Growing pains Featured

8:00pm EDT August 26, 2007

Many business leaders believe that growth problems are good problems to have. But for Brian Oken, that doesn’t make the problems any less substantial.

“Businesses go through cycles,” says Oken, president and CEO of Ventura Transfer Co., a bulk handling and transportation company. “We’re having a lot of fun, and we’re doing a lot of things really well, but we have grown considerably over the past couple years, and we’re feeling that.”

Oken says with increased volume, the standards of performance VTC has set for itself — especially those regarding customer service — are being challenged. With annual revenue of about $18 million and growing, he adds that while maintaining simplicity is important, solving new problems means creating new solutions, and that requires employees who are willing and able to grow along with the company.

Smart Business spoke with Oken about the perks of being a trusting leader and the importance of employee feedback.

Q: How would you describe your leadership style?

Trusting. I like my people to pursue their own agendas while staying in touch with the company’s vision and strategic plan. In order to do that, you’ve got to trust them. Sometimes they hang themselves, and sometimes they become real heroes, but you’ve got to give them that latitude. You can’t constrain them, and I try to push that through the organization. We’re a company that lives by standards of trying to be a great place to work. Talk is cheap, and it’s much harder than it appears, but at the foundation of that is trust and respect.

Q: How do you build trust and what are the benefits?

Integrity and credibility are everything. Right now are challenging times for us. Our business has had very good growth over the past two or three years, and it’s definitely strained our capabilities and our managers’ typical ways of doing things.

At times, that credibility has been challenged. To be able to fall back on, ‘I’ve never lied to you, I’ve never deceived you, I would never manipulate you, you might not like what you hear’; you have to have that credibility, and we try to push that through the organization.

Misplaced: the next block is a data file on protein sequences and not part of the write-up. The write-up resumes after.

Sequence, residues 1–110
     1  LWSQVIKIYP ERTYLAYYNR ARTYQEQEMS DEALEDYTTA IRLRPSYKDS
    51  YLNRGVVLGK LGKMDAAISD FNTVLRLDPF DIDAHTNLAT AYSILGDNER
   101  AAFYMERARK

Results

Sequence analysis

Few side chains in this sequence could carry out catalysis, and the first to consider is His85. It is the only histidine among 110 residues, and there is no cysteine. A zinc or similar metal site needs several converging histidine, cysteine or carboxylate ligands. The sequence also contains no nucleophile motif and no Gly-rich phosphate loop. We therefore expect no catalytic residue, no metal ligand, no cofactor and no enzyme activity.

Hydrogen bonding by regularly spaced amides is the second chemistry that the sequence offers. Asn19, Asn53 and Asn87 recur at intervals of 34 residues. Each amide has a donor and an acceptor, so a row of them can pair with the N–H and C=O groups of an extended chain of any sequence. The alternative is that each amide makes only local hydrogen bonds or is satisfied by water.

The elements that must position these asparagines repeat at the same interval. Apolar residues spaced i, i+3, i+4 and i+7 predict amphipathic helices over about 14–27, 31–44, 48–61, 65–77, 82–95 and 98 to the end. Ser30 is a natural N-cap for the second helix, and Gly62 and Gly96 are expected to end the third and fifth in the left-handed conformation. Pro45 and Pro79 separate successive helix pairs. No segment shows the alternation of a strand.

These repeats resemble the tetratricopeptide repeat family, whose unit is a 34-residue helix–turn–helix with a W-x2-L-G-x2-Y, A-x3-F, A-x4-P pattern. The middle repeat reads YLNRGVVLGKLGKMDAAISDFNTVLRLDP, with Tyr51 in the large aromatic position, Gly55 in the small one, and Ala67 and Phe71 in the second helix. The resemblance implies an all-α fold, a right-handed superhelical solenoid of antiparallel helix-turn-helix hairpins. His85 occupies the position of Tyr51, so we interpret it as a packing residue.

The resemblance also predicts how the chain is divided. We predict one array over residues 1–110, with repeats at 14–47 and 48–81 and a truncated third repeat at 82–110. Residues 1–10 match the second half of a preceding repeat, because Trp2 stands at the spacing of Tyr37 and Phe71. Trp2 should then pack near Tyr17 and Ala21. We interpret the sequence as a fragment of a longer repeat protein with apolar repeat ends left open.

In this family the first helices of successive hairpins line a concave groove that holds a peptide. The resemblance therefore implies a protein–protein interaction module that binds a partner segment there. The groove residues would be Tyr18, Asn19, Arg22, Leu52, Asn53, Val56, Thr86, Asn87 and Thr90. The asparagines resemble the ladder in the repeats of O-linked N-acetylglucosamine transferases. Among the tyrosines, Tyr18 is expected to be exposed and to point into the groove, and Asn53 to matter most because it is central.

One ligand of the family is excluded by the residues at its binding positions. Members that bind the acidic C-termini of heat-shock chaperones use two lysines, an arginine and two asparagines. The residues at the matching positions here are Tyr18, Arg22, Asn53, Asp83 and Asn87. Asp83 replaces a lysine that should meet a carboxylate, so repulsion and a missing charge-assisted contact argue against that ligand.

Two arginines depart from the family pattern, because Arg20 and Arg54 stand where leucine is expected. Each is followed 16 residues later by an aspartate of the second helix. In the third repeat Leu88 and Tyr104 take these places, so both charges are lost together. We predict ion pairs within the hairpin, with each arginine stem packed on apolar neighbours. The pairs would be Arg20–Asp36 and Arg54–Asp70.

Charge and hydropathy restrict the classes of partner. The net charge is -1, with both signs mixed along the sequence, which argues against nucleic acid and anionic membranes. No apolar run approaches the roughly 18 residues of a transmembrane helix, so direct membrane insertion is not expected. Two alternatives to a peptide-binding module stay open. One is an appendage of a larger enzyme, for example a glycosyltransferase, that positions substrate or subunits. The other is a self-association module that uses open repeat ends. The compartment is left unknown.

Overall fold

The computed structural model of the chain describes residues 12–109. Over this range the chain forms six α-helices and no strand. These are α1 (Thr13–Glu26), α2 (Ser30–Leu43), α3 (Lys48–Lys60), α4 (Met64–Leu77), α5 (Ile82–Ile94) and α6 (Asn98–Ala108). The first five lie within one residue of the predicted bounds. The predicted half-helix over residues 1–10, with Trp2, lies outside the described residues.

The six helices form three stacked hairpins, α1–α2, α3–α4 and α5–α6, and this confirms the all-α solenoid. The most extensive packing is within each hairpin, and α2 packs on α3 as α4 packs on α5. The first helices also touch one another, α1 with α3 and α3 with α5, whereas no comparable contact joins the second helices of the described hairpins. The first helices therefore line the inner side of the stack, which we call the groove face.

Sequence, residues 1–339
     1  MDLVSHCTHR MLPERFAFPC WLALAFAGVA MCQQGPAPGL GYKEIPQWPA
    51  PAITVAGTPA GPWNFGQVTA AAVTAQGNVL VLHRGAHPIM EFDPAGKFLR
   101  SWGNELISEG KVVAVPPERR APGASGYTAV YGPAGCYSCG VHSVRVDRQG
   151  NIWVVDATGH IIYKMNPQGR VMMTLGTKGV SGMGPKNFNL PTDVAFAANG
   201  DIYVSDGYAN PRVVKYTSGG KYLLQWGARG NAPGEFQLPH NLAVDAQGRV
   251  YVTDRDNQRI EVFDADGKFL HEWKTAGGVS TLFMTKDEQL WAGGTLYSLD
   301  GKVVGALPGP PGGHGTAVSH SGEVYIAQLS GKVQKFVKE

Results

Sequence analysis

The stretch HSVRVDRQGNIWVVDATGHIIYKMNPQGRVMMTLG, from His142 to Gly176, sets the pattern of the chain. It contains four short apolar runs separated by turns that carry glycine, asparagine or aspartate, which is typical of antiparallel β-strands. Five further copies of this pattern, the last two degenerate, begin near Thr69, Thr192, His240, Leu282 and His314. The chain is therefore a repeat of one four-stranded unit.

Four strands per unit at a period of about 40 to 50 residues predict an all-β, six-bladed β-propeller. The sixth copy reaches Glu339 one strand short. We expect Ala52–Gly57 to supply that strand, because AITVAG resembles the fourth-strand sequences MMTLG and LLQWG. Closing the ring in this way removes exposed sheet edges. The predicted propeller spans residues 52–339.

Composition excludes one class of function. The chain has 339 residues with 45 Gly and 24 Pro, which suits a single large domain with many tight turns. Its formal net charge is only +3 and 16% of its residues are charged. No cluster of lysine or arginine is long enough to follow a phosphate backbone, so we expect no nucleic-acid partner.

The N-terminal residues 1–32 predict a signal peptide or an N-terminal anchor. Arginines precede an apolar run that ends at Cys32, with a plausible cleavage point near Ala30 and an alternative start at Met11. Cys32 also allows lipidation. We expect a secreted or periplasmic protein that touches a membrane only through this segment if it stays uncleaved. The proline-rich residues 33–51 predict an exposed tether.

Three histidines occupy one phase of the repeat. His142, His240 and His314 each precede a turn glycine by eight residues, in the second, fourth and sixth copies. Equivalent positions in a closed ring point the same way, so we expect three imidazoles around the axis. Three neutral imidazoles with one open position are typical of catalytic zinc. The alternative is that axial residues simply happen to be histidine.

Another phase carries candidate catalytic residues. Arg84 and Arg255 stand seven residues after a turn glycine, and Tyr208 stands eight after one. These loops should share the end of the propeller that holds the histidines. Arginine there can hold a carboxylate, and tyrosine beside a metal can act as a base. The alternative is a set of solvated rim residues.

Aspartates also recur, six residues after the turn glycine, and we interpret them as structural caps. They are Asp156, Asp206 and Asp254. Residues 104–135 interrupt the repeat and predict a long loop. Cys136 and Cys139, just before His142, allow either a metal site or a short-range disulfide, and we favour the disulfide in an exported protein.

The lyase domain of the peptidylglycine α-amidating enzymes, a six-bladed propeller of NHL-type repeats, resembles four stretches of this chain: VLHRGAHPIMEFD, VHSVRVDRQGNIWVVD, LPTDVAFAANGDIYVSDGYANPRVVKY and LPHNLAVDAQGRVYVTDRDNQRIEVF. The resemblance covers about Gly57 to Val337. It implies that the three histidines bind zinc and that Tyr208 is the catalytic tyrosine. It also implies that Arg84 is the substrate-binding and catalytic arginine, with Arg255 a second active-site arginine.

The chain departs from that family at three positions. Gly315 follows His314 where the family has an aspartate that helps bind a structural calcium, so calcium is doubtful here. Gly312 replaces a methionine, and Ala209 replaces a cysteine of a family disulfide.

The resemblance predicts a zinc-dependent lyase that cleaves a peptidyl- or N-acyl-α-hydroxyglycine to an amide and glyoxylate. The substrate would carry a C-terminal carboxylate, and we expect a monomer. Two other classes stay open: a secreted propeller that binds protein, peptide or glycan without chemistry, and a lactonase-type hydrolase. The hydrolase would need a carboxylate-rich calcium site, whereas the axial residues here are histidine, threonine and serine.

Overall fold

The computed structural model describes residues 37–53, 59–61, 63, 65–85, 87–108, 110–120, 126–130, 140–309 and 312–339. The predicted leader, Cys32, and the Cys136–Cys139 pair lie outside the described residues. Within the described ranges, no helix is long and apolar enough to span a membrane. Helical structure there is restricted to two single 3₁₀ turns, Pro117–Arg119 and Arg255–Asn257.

We’re in business for profits. Whether you’re a private company or a public company, you’re looking for a return for your shareholders, and you’re always looking for incremental improvement and to make sure you’re still a healthy, dynamic organization. All these things are done for two reasons: One is because they’re our core values and our beliefs, and they also generate return. Our customers are happier, our team members are happier, and our financial performance reflects that.

Q: How do you communicate your vision to your team?

We’re a private company that has full disclosure among our people, so when we go through the planning process, our financials are keeping score. Are we winning the game, are we losing the game, or are we just treading water? When we have a planning session, everybody is invited, and everybody knows what’s at stake.

After the planning meeting, during which the plan is developed and approved by the board, every month, we have my direct reports sit in front of a room. Imagine a classroom, and they’re all sitting by the chalkboard, and we fire at them the objectives of the plan, and it’s up to them to demonstrate results. This is the one time we’re very firm about, ‘We’re not interested in hearing about effort. What have you given our customers that they didn’t have 30 days ago?’

Q: How much feedback do you get during that process?

To be honest, I wish I got more. In business today, there is a feeling among many employees that they’re afraid to ask questions, afraid to bring up thoughts or observations because they feel like they’re going to come across as being stupid or seem like they’re not in touch. I really respect the people who stand up and say, ‘I have a question,’ and bring forth some insight.

You have one person who is providing the vision, then you have the executive team, and then you have all these other people. All these other people are the guts of the business. Their brains are full of ideas. They have tremendous insights and observations on what’s going on with our business and our customers, and most companies don’t solicit that. We really try to solicit that. We try to bring it to the surface, and I wish that we had more.

We have the traditional suggestion boxes and anonymous e-mails, but more than anything, I’m trying to be around them and trying to get them to give me their insights, whether it’s in traditional meetings or just in general conversation. The questions I get are great. They’re usually far better than anything I can anticipate.

HOW TO REACH: Ventura Transfer Co., (310) 549-1660 or